Tuesday, May 17, 2022

2022.05.17 Hopewell @Home ▫ Psalm 51:1–8

Read Psalm 51:1–8

Questions from the Scripture text: To whom is the Psalm addressed (superscript)? Who wrote it? On what occasion? What does it first ask (Psalm 51:1a)? According to what (verse 1b)? What is his second request (verse 1d)? According to what (verse 1c)? What is his third (Psalm 51:2a)? Fourth (verse 2b)? What does he see is a circumstantial condition for this (Psalm 51:3)? Against Whom was his sin (Psalm 51:4a)? Whose sight determines what is evil and judges what David did (verse 4b)? What would God have been just and blameless to do (verse 4c–d)? When did David’s sin begin (Psalm 51:5)? What sort of truth does God desire (Psalm 51:6a)? Who gives it (verse 6b)? What does David need to have done before he can have inner truth (Psalm 51:7)? What effect will this have (Psalm 51:8)? 

So often in Scripture, David is a sign (a type) that God has given us to point us forward to Jesus (the Antitype). This might cause us to wonder why the Lord would let him fall into such great sin. Among other things, it’s a strong warning to us and a lesson to the growing Christ (cf. Luke 2:52) about how badly we needed His perfect righteousness and full atonement. But it’s also a lesson for us in how to interact with God when we have sinned greatly.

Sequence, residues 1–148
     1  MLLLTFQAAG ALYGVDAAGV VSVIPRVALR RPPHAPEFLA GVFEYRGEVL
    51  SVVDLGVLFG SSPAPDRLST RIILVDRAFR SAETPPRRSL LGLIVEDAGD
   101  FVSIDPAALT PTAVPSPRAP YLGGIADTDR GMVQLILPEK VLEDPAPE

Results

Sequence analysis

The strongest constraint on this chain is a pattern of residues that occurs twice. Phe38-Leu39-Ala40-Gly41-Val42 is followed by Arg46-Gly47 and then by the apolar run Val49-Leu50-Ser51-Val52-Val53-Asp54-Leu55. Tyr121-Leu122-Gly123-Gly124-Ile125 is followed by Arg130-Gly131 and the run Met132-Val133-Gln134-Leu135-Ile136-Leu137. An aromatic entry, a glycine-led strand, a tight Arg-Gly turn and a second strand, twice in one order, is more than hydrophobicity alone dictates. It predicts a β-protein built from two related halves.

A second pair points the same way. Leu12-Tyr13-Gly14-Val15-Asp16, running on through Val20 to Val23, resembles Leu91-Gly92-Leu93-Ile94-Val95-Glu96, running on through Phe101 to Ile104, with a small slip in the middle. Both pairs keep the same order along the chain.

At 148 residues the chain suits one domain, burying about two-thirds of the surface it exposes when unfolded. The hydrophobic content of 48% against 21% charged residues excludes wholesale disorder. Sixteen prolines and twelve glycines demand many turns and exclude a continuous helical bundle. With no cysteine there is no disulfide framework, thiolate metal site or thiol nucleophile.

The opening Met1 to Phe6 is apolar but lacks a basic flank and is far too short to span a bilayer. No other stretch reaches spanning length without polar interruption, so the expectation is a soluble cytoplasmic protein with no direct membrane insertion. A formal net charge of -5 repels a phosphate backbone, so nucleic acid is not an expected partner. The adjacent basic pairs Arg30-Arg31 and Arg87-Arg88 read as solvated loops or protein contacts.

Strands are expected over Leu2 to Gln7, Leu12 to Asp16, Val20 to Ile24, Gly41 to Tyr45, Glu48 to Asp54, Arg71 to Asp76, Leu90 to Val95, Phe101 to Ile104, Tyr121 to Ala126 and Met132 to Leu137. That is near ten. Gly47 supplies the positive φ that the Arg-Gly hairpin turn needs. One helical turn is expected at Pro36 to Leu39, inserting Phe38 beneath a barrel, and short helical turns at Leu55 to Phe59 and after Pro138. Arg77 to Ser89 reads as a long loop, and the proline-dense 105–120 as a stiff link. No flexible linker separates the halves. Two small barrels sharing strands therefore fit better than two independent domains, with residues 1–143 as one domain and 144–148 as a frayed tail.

The more we grow, the more we realize the magnitude of every single sin. But even those who have made some progress in grace are susceptible to committing the most scandalous and heinous of sin. What can we do, when we see the magnitude of our sin? This Psalm brings home to us what it is like to address our great sin by way of God’s greater grace.

The Pervasiveness of Our Sin: Forgiveness Comes from God Alone
It seems obvious that forgiveness comes from God alone. Only God has the authority to forgive sin. But this is more than that. The origin and cause  of forgiveness is in God alone. What can David plead? What reasoning can he give God for forgiving him? The reasons aren’t in David. They’re in God. God’s covenanted/steadfast love (“lovingkindness,” Psalm 51:1b). God’s “multitude” of “tender mercies” (verse 1c). What’s in David aren’t reasons for him to be forgiven—only reasons that he needs forgiveness: “transgressions” (verse 1d), “iniquity” (Psalm 51:2a), and “sin” (verse 2b). We’re tempted to come with some good thing from us (how sincere we are this time, how sorry we are, how much better we’re doing or will do, etc.). But these all need their own atoning. We must come on the basis of what’s good in God, not what we want to think is good in us.

This connects back to Psalm 50. God isn’t rightly worshiped by receiving what He needs (He needs nothing!). He is rightly worshiped by giving us what we need. And we need nothing more than forgiveness! It glorifies His character to forgive us, and we can come armed with His character. When He commands a saint to pursue sanctification, He says, “be what you are!” And when we ask Him to forgive us according to His love and mercy, we are in a sense praying, “Be what You are!”

The Nature and Reality of Our Sin: Sin Is against God Alone